Council tells student that legal opinion on openness should stay secret

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"Council tells student that legal opinion on openness should stay secret"

The European Ombudsman, Jacob Söderman, has called on the Council to give a researcher access to an opinion from its Legal Service. The opinion is on the legislative proposal from the Commission for rules on access to documents and was requested by a student for his post-graduate dissertation on public access to Council documents.

In his special report to the European Parliament, the Ombudsman states "the refusal to give access is particularly surprising since it concerns an opinion about rules on access to documents". He asks the Parliament to support his call for the Council to reconsider the student's application.

The student claimed that the Council had infringed the fundamental principle of giving the public the widest possible access to documents. The Council argued that disclosure of legal opinions would undermine its ability to obtain independent legal advice.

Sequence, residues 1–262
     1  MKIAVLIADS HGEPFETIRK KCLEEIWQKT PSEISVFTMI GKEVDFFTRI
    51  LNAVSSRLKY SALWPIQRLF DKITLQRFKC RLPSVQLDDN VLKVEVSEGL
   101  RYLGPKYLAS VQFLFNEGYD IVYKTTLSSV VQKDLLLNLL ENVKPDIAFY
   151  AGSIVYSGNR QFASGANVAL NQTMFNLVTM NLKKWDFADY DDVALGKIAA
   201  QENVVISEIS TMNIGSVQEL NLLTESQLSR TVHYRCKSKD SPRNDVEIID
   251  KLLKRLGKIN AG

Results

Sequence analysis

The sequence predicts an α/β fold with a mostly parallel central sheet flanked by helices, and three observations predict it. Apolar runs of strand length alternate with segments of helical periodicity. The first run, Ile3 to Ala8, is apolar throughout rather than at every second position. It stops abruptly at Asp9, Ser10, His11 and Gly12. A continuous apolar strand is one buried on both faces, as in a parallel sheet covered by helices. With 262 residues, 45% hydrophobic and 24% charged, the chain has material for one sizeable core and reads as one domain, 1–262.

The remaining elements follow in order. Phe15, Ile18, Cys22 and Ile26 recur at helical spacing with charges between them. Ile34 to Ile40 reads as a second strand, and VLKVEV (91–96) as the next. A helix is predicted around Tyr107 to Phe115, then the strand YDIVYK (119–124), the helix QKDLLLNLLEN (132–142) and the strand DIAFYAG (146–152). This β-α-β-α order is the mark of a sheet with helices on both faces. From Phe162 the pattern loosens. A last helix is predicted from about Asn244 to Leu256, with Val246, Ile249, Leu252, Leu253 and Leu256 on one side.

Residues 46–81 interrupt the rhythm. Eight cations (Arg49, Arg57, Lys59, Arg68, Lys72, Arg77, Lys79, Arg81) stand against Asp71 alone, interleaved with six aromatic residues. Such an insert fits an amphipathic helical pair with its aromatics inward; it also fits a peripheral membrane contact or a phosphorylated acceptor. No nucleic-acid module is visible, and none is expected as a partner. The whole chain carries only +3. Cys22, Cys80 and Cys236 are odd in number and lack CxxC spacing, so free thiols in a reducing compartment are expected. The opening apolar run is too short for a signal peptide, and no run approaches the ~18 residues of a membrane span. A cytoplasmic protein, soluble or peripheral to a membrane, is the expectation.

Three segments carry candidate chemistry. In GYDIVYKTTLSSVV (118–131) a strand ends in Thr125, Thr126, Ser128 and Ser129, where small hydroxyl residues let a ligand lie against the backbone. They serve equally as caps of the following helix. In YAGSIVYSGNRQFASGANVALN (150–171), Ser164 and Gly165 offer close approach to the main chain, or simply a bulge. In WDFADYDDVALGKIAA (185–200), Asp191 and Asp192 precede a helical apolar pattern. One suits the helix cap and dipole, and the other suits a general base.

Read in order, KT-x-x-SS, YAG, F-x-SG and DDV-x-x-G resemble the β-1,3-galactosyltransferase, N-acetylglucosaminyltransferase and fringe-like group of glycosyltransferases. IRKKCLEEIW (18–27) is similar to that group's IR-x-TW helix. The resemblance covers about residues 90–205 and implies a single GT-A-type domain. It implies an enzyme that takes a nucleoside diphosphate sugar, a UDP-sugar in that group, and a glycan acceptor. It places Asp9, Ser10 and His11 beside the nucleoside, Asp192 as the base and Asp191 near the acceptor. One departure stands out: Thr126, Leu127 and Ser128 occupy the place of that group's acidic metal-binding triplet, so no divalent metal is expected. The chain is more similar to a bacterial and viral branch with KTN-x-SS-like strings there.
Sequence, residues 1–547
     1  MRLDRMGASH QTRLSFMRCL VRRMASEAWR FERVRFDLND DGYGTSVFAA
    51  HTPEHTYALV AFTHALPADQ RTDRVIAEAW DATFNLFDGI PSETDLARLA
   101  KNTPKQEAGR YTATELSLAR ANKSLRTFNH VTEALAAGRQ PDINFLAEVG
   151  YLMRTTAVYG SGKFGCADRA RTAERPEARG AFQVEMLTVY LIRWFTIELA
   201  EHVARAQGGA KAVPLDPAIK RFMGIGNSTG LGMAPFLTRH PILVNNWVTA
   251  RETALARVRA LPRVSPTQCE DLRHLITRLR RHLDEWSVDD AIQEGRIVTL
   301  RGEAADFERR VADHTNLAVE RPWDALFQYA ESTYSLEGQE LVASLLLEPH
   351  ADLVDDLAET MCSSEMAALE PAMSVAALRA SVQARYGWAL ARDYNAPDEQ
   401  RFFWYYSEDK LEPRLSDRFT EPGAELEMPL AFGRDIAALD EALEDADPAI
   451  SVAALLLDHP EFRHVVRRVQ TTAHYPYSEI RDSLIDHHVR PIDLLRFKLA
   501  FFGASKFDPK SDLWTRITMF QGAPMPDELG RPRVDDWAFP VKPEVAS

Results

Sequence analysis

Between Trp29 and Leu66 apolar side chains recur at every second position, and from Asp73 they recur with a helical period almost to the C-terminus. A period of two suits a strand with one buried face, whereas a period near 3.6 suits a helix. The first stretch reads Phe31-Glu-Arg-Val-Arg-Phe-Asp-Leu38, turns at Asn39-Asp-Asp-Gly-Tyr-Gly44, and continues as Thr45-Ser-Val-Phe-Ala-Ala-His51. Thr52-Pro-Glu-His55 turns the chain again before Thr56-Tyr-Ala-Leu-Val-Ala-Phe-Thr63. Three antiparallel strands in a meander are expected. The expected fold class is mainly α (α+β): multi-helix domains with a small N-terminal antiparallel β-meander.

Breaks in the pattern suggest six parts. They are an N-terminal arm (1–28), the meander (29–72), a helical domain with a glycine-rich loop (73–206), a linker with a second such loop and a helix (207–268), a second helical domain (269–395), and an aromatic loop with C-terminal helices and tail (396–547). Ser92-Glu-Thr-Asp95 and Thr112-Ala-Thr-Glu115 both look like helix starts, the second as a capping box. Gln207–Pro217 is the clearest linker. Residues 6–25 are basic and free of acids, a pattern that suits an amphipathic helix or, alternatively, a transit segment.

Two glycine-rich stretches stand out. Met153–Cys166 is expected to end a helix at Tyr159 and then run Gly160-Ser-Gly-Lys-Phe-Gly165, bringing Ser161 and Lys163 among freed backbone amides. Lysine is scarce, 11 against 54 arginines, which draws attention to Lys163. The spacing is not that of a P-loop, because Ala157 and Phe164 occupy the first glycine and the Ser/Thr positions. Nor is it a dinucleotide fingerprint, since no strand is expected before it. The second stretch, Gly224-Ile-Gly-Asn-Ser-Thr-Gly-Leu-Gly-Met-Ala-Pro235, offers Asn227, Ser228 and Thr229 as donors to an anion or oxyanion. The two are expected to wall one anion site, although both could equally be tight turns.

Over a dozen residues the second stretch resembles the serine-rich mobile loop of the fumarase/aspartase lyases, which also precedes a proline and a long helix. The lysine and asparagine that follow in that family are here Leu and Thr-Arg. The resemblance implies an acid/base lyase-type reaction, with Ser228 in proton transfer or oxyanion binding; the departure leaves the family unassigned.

According to the Ombudsman, a distinction should be drawn between different kinds of legal opinion:

- Opinions on draft legislation should normally become available to the public when the legislative process has reached a conclusion. They should be exempt only if the institution can show that disclosure would seriously undermine its decision-making process and that there is no overriding public interest in disclosure (Article 4 (3) of Regulation 1049/2001).

- Opinions given in the context of possible future court proceedings should normally be exempt from disclosure, as they are analogous to a communication between a lawyer and a client.

Applying this distinction, the Ombudsman found that the Council was entitled to reject another application by the same complainant. This was for access to an analysis by the Council's Legal Service of a judgement of the Court of First Instance and how the Council should act in similar cases in the future."

The Special Report can be found on the Internet at:

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